I don’t believe that there were notes for any of the stories in the unit. However, I enjoyed this because I was allowed to explore the stories and make connections on my own. The one section I thought could have been improved was the section over the Fair Maidens and Gopa’s dream:  I wasn’t aware of the events surrounding Gopa’s marriage to Siddhartha or the events surrounding the birth of their child. Although this information was included as an additional link, I felt as if this was pertinent information about Prince Siddhartha.

This reading unit served its purpose for me in that it provided a detailed account of the life of prince Siddhartha. I took this class hoping to be able to take something away about other cultures, and this certainly fit the bill.

I saw several connections between this unit and much of the two other epics that we read about. Primarily, some of the same characters present in this unit were in the Ramayana. I did not expect to have these stories overlap like they did – but it was a pleasant surprise.

Tuesday, March 31, 2015

Week 11 Storytelling: Gopa's Thoughts


Dear diary,

Today the king’s priest came into my home and, upon seeing me, began to jump up and down and rejoice. I thought that he was quite an odd man; however, he informed me that I was going to be prince Siddhartha’s wife. I mean, who ever said that I wanted to be married? I don’t even know the guy. I’m more interested in enjoying my twenties as a free spirit.



Dear diary,

People in the city are making such a big deal about prince Siddhartha! Just today I was informed that all young girls were to travel to the palace on Saturday in order to receive gifts from the guy. Me? Yeah, I’m going to show up late and act like I totally don’t care.



Dear diary,

So, I did just as I said I’d do; I was the last one to show up at the palace. Siddhartha tried giving me a ring. All I could think was that, “He must like it if he wants to put a ring on it.” I didn’t want to take it – after all, I’m not in to pretention. A ring that nice would surely draw all sorts of attention to me.



Dear diary,

The stinking king of Kapilavastu showed up at our doorstep today asking my dad to permit Siddhartha to marry me. Why am I not able to have any say in this? Luckily, my dad said the prince had been nothing but a sloth thus far in his life and he didn’t know if he could permit my marriage to such a man.



Dear diary,

Great – just because my dad called out the prince for his lethargic nature, there is going to be a city-wide competition to prove that Siddhartha isn’t lazy after all. I think it’s actually somewhat amusing that these boys are all going to compete for my hand in marriage. This afternoon is going to be interesting.



Dear diary,

Well, the first challenger to Siddhartha was an artsy-type. He wanted to compete with the prince in a ‘write-off,’ but Visvamitra stepped in and declared Siddhartha the victor before anyone had even done as much as pick up a pen. Next up was a mathematical match-up. Siddhartha won that one, too. I was actually pretty glad at that because the other competitor was a pocket-protected prim.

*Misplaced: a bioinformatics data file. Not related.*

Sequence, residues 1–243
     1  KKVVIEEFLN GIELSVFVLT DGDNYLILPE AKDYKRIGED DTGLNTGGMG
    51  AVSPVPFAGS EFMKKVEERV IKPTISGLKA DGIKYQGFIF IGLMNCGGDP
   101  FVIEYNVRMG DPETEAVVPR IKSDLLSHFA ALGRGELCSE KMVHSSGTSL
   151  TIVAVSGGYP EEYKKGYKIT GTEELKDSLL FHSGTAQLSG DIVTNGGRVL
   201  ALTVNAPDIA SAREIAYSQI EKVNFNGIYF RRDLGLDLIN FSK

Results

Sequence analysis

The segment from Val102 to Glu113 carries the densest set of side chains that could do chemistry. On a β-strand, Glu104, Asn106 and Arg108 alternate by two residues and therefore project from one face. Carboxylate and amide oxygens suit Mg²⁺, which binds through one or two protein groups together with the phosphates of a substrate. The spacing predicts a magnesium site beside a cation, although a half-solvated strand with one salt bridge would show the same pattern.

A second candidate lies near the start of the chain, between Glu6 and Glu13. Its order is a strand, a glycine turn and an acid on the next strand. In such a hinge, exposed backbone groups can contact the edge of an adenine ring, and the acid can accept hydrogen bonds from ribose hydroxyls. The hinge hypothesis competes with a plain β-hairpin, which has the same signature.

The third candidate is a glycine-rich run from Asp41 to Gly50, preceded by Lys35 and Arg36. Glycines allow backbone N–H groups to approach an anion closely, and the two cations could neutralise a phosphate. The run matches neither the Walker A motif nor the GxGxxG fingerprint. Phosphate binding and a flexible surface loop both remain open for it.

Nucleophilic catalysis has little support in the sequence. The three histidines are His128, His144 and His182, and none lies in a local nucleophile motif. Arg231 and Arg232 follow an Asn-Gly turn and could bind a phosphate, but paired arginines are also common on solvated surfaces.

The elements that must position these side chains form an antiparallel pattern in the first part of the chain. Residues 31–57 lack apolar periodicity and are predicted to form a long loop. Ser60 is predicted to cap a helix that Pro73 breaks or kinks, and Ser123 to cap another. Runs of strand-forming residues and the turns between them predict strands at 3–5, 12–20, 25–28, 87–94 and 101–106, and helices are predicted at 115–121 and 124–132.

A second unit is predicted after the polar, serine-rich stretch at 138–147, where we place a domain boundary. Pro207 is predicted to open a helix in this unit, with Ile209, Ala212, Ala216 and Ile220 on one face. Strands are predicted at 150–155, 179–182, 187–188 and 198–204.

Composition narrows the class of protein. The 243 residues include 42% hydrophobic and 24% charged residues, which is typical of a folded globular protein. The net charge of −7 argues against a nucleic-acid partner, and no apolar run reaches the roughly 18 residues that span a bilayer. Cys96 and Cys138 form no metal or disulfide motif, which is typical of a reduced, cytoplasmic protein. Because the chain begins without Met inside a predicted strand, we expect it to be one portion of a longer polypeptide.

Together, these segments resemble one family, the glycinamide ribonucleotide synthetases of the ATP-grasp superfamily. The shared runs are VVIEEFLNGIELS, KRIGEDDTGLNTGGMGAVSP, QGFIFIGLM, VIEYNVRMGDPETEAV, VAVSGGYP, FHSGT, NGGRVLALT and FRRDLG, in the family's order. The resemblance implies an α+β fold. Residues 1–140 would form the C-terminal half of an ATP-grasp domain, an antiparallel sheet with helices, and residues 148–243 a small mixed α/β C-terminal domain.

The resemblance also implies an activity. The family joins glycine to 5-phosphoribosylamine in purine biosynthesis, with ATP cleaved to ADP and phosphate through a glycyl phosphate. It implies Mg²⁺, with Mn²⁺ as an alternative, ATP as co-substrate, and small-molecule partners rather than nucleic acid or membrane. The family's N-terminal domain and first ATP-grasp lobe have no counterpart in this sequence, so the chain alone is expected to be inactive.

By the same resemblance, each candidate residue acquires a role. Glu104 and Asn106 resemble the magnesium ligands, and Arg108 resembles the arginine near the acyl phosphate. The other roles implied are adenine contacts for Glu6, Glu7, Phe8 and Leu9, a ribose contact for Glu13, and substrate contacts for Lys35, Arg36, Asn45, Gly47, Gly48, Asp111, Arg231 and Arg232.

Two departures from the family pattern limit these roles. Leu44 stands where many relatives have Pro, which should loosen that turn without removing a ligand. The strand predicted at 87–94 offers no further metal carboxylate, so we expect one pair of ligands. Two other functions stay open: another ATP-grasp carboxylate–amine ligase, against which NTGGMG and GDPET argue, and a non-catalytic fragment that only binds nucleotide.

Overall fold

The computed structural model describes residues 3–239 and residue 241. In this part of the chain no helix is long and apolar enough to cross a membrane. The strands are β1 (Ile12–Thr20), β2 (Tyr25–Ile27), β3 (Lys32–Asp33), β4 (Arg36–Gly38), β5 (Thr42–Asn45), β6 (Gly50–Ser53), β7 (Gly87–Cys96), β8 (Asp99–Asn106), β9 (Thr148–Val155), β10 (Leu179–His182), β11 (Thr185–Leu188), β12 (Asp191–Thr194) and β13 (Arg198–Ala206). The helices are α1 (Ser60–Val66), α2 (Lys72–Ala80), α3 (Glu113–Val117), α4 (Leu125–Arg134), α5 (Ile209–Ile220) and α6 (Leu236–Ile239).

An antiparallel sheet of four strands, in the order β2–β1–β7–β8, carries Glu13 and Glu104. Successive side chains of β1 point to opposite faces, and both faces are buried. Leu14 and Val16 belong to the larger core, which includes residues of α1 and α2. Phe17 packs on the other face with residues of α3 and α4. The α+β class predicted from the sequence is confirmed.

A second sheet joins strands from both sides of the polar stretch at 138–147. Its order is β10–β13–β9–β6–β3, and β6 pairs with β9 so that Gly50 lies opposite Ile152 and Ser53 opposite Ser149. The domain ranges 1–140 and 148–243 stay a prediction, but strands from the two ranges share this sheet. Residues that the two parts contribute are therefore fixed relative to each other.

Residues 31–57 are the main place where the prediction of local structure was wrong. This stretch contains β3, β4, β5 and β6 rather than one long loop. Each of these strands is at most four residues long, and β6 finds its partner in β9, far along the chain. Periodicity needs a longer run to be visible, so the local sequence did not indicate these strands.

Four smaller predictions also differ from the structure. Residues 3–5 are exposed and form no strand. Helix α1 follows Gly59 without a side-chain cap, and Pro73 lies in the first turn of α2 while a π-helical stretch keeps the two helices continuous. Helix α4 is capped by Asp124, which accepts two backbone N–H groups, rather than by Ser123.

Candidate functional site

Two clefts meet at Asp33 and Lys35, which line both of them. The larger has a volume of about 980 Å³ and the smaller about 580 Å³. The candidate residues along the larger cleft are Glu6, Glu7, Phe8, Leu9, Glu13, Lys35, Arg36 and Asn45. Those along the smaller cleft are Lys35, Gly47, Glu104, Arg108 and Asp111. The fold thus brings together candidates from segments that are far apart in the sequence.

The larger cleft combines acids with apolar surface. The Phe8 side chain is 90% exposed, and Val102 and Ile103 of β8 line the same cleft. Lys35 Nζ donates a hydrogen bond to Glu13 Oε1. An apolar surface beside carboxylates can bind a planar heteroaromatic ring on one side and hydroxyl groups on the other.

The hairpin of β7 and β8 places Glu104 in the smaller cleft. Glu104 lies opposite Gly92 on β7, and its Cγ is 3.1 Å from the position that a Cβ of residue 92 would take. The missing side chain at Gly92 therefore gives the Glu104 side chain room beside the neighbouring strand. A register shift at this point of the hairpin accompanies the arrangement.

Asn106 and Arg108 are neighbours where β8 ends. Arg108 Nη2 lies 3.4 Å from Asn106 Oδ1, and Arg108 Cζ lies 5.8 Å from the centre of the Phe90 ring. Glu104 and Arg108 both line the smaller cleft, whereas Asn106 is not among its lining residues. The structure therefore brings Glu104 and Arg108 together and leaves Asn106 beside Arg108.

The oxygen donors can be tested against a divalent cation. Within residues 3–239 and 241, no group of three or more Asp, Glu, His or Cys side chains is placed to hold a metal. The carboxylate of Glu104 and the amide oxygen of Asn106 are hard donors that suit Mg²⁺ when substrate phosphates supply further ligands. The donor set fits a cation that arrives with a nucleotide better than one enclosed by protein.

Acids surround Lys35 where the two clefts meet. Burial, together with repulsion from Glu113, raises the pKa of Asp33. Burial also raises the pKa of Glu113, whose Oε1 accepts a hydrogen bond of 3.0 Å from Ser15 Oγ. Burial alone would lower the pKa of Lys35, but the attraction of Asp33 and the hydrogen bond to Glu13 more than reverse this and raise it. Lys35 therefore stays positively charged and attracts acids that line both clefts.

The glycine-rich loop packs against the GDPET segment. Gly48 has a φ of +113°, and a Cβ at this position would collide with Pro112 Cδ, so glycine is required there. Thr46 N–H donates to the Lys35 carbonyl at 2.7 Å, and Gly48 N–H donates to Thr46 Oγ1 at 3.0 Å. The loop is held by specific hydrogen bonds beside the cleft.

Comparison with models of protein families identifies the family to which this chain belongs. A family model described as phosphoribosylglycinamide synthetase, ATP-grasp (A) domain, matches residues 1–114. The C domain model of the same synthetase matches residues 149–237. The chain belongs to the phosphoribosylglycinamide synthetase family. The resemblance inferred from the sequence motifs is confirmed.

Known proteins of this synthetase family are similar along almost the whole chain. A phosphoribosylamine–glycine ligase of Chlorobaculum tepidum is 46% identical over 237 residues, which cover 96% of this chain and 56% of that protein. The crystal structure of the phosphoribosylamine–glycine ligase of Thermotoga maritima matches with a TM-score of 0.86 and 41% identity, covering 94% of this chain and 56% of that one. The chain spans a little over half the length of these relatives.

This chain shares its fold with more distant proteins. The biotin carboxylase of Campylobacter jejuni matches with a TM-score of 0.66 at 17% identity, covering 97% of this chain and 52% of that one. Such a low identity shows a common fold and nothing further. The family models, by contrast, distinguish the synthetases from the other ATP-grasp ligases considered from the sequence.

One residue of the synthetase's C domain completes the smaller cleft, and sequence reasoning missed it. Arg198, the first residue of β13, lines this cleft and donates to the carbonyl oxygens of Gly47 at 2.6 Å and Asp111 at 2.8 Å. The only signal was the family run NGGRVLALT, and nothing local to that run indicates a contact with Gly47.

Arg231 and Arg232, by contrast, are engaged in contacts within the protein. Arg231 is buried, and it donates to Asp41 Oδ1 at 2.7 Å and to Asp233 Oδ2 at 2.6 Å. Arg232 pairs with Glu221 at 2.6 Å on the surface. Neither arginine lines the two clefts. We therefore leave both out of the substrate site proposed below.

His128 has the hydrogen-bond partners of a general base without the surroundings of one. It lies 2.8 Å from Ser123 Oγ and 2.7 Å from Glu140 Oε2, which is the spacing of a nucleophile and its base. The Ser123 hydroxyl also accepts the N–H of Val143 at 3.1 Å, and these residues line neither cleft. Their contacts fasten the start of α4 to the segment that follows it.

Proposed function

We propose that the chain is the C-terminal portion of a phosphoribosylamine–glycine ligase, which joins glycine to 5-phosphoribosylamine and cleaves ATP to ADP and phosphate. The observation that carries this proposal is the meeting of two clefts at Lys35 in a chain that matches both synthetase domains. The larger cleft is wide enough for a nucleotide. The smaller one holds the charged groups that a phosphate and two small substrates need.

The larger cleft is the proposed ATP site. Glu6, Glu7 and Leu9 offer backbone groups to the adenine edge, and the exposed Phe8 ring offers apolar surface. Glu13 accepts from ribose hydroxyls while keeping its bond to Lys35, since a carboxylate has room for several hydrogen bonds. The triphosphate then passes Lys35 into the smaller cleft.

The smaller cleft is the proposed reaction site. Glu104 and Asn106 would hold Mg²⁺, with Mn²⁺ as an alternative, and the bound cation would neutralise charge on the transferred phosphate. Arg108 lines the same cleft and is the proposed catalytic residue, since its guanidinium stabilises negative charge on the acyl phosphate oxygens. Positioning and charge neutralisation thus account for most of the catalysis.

Dear diary,

It has been arranged. I’m marrying Siddhartha. I hope that I like this guy. I haven’t even had the chance to sit down and converse.

 I’ll surely be back in the next few days to write about what I think about the prince once I formally meet him.



Author’s note: I wrote this story in first person to describe how Gopa may have felt during the process of Siddhartha winning her hand in marriage. The unit itself didn’t include much about Gopa other than her dream. I found that a bit odd, so I wanted to expand upon her character here. This section of the unit focused on what Siddhartha and his father had to do in order for Siddhartha to marry Gopa. I should also mention that Siddhartha is the name of the man who would go on to become ‘Buddha.’ I didn’t change anything as far as plot, but I did include much more of Gopa’s thoughts. Link to the story:

Bibliography: The Life of Buddha, by Ferdinand Herold. 1922.


Monday, March 30, 2015

Week 11 Reading Diary B: Siddhartha's Conversion

“…but companions and friends desert us when it is the path of holiness we would take.” This seems to describe some people who I know to the tee.

It is only fitting that Siddhartha takes the warrior horse to go and perform the noblest act.

 Does this have some connection to the power that humans have over animals or what? It seems like, for the most part, animals are gentle beings that are molded by the actions of their owners.

It is understandable that all wallowed at the news of Siddhartha’s departure.

Why is it that Kanthaka died? Could this be foreshadowing of more deaths to come?

Hmm… five dreams? This must represent something significant.

Those were some STRANGE dreams.

Ahh – this describes the image that must associate with “Buddha.” He is seated with legs crossed and is facing towards the east.

Week 11 Reading Diary A: Life of Buddha

I wonder what the significance, if any, is of the six tusks.

So was Maya always a queen? I didn’t see anything indicating that she was.

I find it to be a bit peculiar that king Suddhodana distributed food and drink upon hearing of the good news. Is this custom in their culture?

Well, it seems like the earth is certainly joyous at the impending birth of Buddha.

This collection of stories has been quite metaphorical – I suppose there is no better way to tell it.

It sounds like the land was quite merry in the land of Kapilavastu.

So prince Siddhartha was raised by his aunt? Interesting!

So there is a connection between Rama and prince Siddhartha – Visvamitra. This must have been quite a special teacher.

So, was it prophesied that someone would become “the Buddha?”       

It was intended that Siddhartha would never see the infirmities of the world – this seems odd.
                                                                  A Young Prince

Wednesday, March 25, 2015

Storytelling for Week 10: Avian Assessment

Swoosh! Down went Bhimi as he flew straight for earth’s surface. His siblings – Korza and Khamki – had no choice but to do the same.

“Why in the world are we going to land in the middle of India?” asked Khamki. “I mean, after all we are heading southwest, aren’t we?”